Sunday, November 22, 2015

Showing STEAM with Frank Stella...

Celebrating a lifetime of work
with a little bit of STEAM

Frank Stella, 1964, photo by Ugo Mulas
It is an exciting time to visit the Whitney Museum in New York City.  To begin with, the Whitney opened its doors in a new location and an amazing new building this year, bringing along the lifelong, trans-formative work of Frank Stella.

In my art class, I found this the perfect opportunity to inspire my students with Stella's early work, emphasizing a steady hand and protractors.

Along with my student teacher, we developed a lesson that challenged the students to transform a familiar analytical tool in their artwork, referencing the ideas and work of Stella.

The Venn Diagram

Frank StellaFiruzabad, 1970 https://www.sfmoma.org/artwork/2002.9
I use Venn diagrams a lot in art class as tools for my students to organize their thoughts when analyzing artworks throughout our learning process.  These simple interconnected circles became the center of attention but in a different way.  

Along with the Retrospective of Frank Stella, November 19th, 2015 marked an incredible day for Arts Education:

In the midst of the biggest shakeup of federal education law in over a decade, Congresswoman Suzanne Bonamici 
(D-OR) successfully added an amendment today to the rewrite of the nation’s Elementary and Secondary Education Act (ESEA) legislation that will integrate the arts into STEM education (science, technology, engineering and math).
Art is CORE:)

"Frank Stella's 'Harran II', 1967". Licensed under Fair use via Wikipedia 
Art is a CORE subject in developing our young peoples into creative and innovative problem solvers, bringing new perspectives, ideas and solutions to, what used to be, the fundamentals of education.

It is about time.

This art unit, not only studied the work of Frank Stella, but demonstrated to my students that fine artists, like architects, designers and....doctors, all use tools to achieve the best outcome and precision, steady hands and accuracy are important attributes.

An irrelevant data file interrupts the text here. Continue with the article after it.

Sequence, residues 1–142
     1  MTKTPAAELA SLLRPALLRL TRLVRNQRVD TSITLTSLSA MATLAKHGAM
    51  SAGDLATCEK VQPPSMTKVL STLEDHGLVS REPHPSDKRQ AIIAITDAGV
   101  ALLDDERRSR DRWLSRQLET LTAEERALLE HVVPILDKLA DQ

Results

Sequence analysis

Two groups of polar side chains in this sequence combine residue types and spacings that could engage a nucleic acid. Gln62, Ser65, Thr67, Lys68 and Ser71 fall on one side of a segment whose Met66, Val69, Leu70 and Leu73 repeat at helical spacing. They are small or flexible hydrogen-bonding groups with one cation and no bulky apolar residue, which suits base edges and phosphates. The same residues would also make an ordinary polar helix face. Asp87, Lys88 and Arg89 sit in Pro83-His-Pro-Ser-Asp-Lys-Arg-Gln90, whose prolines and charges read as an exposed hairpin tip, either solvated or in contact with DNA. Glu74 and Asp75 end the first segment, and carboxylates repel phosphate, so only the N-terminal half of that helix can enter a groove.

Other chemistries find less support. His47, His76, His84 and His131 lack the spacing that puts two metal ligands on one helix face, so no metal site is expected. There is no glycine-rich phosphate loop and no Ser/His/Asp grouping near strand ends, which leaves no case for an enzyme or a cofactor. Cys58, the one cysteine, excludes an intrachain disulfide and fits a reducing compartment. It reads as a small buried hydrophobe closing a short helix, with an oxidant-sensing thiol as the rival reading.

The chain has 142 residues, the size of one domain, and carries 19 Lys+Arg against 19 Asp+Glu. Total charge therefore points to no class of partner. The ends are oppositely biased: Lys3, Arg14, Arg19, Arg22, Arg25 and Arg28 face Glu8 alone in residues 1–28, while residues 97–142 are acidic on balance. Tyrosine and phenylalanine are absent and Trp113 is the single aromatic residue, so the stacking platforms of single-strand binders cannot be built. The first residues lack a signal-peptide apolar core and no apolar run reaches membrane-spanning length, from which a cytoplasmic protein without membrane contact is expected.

The instructional sequence was developed within a three week time frame for 4th grade (seeing the students once a week for one hour).



DAY ONE:  Investigate Frank Stella's "Protractor Series", focusing on the elements, techniques and attributes that made Stella's work special. (Shape, color, line, overlapping, precision, big)  Allow the students a little bit of "play time".  Although the students may be familiar with using a protractor, anticipate their challenges:  moving the protractor, making lines to dark, moving the protractor too little...  This time, also, helps the students evaluate their own skills and what to do to achieve their best outcome.





DAY TWO:  Designate the second day for a quick review of the day before.  My students were given a homework assignment, in which they were to compare and contrast Firuzabad with a work by Kandinsky using a Venn Diagram.  After a group discussion, I demonstrated a process of transforming the Venn Diagram into something extraordinary.  I emphasized the process of overlapping to be simple and visually to appear consistent.  Erasing the overlapping shapes demonstrated to be a consistent challenge, but students found their way to working through the problem.





DAY THREE:  The last day focused on choosing a color scheme and piecing together our drawings with color.  I took the time to demonstrate using our color choices to complete our designs, emphasizing overlapping by deciding whether colors will "go over, or under" each other.  There was sense of hesitation at this stage in the project because the students expressed their confusion amongst all the intersecting lines.  BUT...it, really, all came together for them when they were filling in their colors.











The results were fantastic!  Most importantly, the students felt proud about what they accomplished.



These are just a couple of examples.  More of my students work (and works in progress) can be seen at

The resources and complete lesson is available HERE :)

xoxo, Smock you.